The beast's scientific designation is Regaliceratops peterhewsi, but paleontologists have bestowed the nickname "Hellboy" on a newly discovered horned dinosaur that lived some 70 million years ago, Cell Press Current Biology reported.

Hellboy's most remarkable feature, along with its sharp facial horns, is a shield-like appendage that crowns its head.

The skull of the Regaliceratops, closely related to the Triceratops, was found 10 years ago by Peter Hews among fossil bones sticking out of the ground on a ridge overlooking the Oldman River in Alberta, Canada.

"The specimen comes from a geographic region of Alberta where we have not found horned dinosaurs before, so from the onset we knew it was important," study co-author Caleb Brown, of the Royal Tyrrell Museum of Paleontology, said in a statement.

"However, it was not until the specimen was being slowly prepared from the rocks in the laboratory that the full anatomy was uncovered, and the bizarre suite of characters revealed," he said.

"Once it was prepared it was obviously a new species, and an unexpected one at that. Many horned-dinosaur researchers who visited the museum did a double take when they first saw it in the laboratory," Brown said.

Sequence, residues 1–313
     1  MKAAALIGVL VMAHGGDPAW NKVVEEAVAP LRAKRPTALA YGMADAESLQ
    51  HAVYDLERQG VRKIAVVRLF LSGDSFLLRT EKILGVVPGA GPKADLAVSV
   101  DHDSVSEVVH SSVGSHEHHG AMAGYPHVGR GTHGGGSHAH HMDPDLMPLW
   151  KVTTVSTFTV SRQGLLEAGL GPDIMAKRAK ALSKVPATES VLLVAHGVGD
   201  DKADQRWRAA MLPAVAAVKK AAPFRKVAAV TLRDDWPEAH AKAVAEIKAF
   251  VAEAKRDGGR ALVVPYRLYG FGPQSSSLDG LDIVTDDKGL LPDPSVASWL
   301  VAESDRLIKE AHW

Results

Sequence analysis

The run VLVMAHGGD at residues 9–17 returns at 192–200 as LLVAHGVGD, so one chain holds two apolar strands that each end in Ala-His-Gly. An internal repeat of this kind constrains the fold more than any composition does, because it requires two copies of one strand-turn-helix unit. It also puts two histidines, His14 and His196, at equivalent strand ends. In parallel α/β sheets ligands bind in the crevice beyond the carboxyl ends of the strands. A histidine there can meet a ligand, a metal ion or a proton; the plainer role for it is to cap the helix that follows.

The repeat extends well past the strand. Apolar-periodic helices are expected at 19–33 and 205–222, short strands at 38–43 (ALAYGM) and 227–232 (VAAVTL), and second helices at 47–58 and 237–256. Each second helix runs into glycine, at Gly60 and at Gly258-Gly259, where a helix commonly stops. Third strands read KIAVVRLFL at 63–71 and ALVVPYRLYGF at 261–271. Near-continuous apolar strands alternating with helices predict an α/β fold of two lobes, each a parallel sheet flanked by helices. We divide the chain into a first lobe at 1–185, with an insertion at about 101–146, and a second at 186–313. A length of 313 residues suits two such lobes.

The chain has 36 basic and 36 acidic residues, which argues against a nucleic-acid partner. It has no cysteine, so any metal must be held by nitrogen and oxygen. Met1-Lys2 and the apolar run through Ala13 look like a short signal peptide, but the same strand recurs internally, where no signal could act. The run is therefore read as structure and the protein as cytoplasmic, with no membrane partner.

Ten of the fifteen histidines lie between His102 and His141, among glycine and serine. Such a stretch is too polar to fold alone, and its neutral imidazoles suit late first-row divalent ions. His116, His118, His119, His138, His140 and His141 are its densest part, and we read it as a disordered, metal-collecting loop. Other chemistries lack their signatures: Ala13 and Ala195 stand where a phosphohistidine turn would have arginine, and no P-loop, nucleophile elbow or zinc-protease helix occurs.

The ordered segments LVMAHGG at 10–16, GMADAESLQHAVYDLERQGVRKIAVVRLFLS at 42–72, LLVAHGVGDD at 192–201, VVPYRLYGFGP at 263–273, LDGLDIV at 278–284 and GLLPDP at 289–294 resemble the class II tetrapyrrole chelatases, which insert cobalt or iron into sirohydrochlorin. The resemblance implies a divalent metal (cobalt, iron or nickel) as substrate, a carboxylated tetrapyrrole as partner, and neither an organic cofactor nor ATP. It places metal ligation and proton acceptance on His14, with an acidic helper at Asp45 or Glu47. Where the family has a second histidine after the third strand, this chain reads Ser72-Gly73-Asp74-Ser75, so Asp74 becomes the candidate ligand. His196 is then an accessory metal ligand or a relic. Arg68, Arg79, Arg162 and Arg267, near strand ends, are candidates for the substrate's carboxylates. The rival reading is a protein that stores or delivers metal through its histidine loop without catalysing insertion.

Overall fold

What makes the dinosaur striking is its size, its horns and the shield-like structure that Brown described as a halo of large pentagonal plates radiating outward with a central beak.

The specimen is important because of the implications it may have for understanding the evolution of ornamental horns in dinosaurs.

Until now, scientists have divided horned into two groups: Chasmosaurines, with a small horn over the nose, larger horns over the eyes and a long frill; and Centrosaurines, characterized by a large horn over the nose, small horns over the eyes, and a short frill.

"This new species is a Chasmosaurine, but it has ornamentation more similar to Centrosaurines," Brown said. "It also comes from a time period following the extinction of the Centrosaurines.

Hellboy's anatomy and age strongly suggest that the two groups of horned dinosaurs independently evolved similar features, a process known as convergent evolution.